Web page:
"How does it move? Is it a magic toy?" asked Marion.

"He is a chinchilla called Robbie, and he can move because he's alive," said Sarah in a tone that implied only an idiot wouldn't know that. "Don't let her touch him," she ordered the other girls. "She'll probably do it wrong and squish him to death."

Lucy Clements, by far the biggest of the girls, readied her walnutty knuckles to punch, then placed herself between the chinchilla and Marion. The others petted Robbie with exaggerated daintiness, sweeping their fingertips downward and allowing them to alight on his fur for just an instant.

Marion went and stood alone at the far end of the garden. "White trousers, twill — brushed cotton red trousers with flower on the pocket — rayon pink skirt — black pants, serge — no — canvas — pants — black — no, white pants — towelling — towel — towel," she said to herself, identifying the fabrics of items on Mrs. Moss's rotating washing line. She knew how from having spent so much time at Dad's warehouse looking through sample books.

When Mrs. Moss called them in for lunch, they ate things that Marion had never seen before: peanut butter and a drink called Lilt that had pictures of palm trees on the can and tasted like sugary sunshine. Sarah and her friends began being overly nice to her, but in a pretend way.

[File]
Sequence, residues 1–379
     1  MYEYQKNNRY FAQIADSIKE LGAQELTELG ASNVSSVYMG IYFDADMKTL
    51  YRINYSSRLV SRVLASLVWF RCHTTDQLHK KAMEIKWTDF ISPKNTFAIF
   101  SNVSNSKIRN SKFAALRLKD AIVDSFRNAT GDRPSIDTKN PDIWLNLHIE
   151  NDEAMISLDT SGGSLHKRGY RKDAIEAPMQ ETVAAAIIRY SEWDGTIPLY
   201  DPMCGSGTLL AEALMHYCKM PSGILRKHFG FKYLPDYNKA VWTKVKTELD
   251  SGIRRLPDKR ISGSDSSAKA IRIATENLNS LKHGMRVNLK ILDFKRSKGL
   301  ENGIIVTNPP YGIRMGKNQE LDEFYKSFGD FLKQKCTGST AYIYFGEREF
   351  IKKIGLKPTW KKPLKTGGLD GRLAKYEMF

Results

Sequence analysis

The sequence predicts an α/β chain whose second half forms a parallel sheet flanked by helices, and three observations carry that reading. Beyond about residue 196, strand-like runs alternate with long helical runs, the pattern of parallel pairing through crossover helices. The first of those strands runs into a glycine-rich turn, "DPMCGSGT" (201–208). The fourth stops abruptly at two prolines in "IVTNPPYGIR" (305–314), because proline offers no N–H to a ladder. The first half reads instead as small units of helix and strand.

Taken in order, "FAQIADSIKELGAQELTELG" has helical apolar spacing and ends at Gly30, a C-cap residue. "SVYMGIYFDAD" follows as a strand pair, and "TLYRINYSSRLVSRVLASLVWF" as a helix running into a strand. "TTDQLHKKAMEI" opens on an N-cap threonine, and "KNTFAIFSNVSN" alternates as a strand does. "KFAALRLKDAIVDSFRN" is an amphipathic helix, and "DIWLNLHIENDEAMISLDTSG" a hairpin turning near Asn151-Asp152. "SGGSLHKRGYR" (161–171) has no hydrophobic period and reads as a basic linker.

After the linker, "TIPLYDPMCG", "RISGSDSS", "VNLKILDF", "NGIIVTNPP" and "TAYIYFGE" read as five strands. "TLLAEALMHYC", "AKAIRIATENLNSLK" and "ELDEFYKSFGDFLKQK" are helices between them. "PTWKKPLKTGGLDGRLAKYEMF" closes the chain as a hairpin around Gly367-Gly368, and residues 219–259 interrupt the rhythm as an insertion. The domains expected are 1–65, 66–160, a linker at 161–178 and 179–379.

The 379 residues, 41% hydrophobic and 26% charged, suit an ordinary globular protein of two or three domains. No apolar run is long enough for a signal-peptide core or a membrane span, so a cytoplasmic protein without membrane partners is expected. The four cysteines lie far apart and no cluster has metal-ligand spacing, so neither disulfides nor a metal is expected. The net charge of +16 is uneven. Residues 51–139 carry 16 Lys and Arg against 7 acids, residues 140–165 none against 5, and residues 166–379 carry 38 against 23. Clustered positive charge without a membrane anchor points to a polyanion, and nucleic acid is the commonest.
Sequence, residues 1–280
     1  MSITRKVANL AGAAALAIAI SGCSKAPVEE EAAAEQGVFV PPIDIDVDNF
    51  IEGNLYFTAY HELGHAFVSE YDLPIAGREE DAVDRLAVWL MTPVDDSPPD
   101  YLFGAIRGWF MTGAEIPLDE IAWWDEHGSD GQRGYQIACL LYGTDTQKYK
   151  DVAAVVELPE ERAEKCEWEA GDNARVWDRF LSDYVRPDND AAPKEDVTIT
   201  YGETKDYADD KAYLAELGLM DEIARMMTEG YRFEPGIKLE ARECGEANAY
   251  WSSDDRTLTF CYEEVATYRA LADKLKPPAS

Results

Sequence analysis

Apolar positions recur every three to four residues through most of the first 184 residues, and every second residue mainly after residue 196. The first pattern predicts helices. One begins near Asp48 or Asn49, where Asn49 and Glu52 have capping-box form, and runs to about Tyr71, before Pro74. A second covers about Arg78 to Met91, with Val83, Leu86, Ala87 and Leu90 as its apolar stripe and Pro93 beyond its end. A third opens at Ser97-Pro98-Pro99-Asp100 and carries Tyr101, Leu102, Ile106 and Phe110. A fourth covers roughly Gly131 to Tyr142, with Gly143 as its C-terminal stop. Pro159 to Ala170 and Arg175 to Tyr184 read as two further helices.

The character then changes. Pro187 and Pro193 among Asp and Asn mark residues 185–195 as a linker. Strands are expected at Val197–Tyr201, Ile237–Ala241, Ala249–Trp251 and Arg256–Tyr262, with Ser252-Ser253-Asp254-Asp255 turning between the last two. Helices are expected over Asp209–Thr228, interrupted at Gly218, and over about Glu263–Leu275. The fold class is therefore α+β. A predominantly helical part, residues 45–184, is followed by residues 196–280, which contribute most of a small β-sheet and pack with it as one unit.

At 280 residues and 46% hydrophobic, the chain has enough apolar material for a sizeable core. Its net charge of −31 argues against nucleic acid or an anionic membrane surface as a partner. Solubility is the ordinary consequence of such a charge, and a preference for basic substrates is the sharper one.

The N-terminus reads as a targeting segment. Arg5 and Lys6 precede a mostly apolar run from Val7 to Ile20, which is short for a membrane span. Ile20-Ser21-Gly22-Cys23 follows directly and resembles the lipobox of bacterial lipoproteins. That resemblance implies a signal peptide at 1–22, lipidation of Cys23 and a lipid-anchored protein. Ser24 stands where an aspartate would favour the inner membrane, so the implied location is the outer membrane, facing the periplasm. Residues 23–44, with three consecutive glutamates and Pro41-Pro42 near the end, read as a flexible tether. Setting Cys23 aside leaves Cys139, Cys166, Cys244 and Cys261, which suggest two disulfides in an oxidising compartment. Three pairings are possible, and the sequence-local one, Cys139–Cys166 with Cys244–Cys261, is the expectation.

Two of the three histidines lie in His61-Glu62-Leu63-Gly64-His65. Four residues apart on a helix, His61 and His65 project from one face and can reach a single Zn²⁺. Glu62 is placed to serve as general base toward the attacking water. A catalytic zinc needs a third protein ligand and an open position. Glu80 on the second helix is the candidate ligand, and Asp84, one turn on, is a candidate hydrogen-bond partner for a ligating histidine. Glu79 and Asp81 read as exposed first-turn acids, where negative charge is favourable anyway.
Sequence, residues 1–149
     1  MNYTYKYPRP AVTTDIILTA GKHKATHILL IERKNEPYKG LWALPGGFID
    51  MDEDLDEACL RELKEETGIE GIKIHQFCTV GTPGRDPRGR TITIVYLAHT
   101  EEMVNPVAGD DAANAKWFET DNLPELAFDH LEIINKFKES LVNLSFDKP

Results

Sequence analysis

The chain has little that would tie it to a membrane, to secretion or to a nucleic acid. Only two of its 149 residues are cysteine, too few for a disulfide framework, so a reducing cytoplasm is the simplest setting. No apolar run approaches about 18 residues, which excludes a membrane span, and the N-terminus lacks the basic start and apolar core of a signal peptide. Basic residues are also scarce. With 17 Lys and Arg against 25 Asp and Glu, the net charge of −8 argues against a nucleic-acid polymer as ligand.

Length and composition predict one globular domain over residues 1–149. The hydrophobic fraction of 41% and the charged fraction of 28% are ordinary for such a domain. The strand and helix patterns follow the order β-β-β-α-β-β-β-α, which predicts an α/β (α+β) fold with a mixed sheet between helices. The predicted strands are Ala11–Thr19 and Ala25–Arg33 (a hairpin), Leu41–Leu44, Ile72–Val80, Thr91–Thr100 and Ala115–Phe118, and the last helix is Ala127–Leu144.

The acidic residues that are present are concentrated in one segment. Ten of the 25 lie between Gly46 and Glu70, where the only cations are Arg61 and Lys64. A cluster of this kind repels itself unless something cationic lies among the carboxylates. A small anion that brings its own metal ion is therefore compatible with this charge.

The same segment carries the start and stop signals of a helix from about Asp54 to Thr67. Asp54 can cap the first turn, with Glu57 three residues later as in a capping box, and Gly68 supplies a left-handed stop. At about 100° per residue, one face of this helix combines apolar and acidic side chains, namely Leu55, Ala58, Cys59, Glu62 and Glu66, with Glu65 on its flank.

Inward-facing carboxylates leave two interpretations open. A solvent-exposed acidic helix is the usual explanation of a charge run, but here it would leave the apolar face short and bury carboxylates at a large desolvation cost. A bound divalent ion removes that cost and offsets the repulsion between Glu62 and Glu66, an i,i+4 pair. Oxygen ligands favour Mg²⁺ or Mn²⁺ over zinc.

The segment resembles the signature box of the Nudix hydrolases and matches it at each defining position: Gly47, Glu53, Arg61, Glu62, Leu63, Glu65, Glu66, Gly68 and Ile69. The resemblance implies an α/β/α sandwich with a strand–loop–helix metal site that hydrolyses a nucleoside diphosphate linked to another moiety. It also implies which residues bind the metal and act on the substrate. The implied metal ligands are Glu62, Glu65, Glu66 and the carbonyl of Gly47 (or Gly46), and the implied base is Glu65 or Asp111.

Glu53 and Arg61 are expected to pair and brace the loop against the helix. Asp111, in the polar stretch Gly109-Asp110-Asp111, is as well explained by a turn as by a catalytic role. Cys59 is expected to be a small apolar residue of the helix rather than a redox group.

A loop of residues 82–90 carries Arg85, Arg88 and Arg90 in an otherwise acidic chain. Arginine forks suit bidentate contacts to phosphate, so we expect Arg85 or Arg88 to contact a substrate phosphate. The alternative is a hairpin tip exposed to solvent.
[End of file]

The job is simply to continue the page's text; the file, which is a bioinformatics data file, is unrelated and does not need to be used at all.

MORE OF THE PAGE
"Judy, would you most kindly pass the peanut butter sandwiches to Marion?" said Sarah with a sharp-edged smile stretching her pretty face. "She looks like she is almost dead from hunger."

"Would you like another Jammie Dodger, Marion? You have only had six or seven already," asked Lucy. The other girls giggled until a frown from Sarah's mum shut them up.

After tea, Marion and the other girls went upstairs to play. Sarah declared that they would pretend to be brides by putting a lace curtain over their heads and parading up and down the space between the frilly pink twin beds that served as a church aisle, holding a vase of plastic lilies of the valley borrowed from the downstairs loo.

"Who's next?" Sarah said, when everyone but Marion had a turn.

"Marion hasn't had a go," said Hazel Parkinson, who had so many freckles on her small nose that they melted into one big browny splodge.

"But she can't be a bride. She isn't pretty enough. Who would marry that fat potato face?" said Judy Blake. Hearing these words made Marion's insides burn like the time she ate the bad berries from the garden because they looked like candy.

"No, she must, everyone has to do it," said Sarah ominously.

Reluctantly, Marion put the curtain over her head and took the flowers that had the harsh, headachy smell of cheap air freshener. As she walked, Sarah began to sing:

Here comes the bride Forty inches wide They had to knock the church door down To get her bum inside.

The mattresses of the twin beds shook as the girls that were sitting on them began to giggle.

When she went home, she found Mother cleaning the Edwardian silver teapot. Beautifully decorated with exotic animals and birds and standing on four tiger paws, the pot was too valuable to be trusted to the meaty hands of Mrs. Morrison, the housekeeper. Mother listened to Marion's tale while carefully rubbing a soft grey cloth over the gleaming curve of the handle.

Marion wanted to be told that Sarah and her friends were wrong, that they were just saying these things to hurt her feelings, but instead Mother looked at Marion with an expression of vague disappointment, as if she were something that had lost its shape in the wash.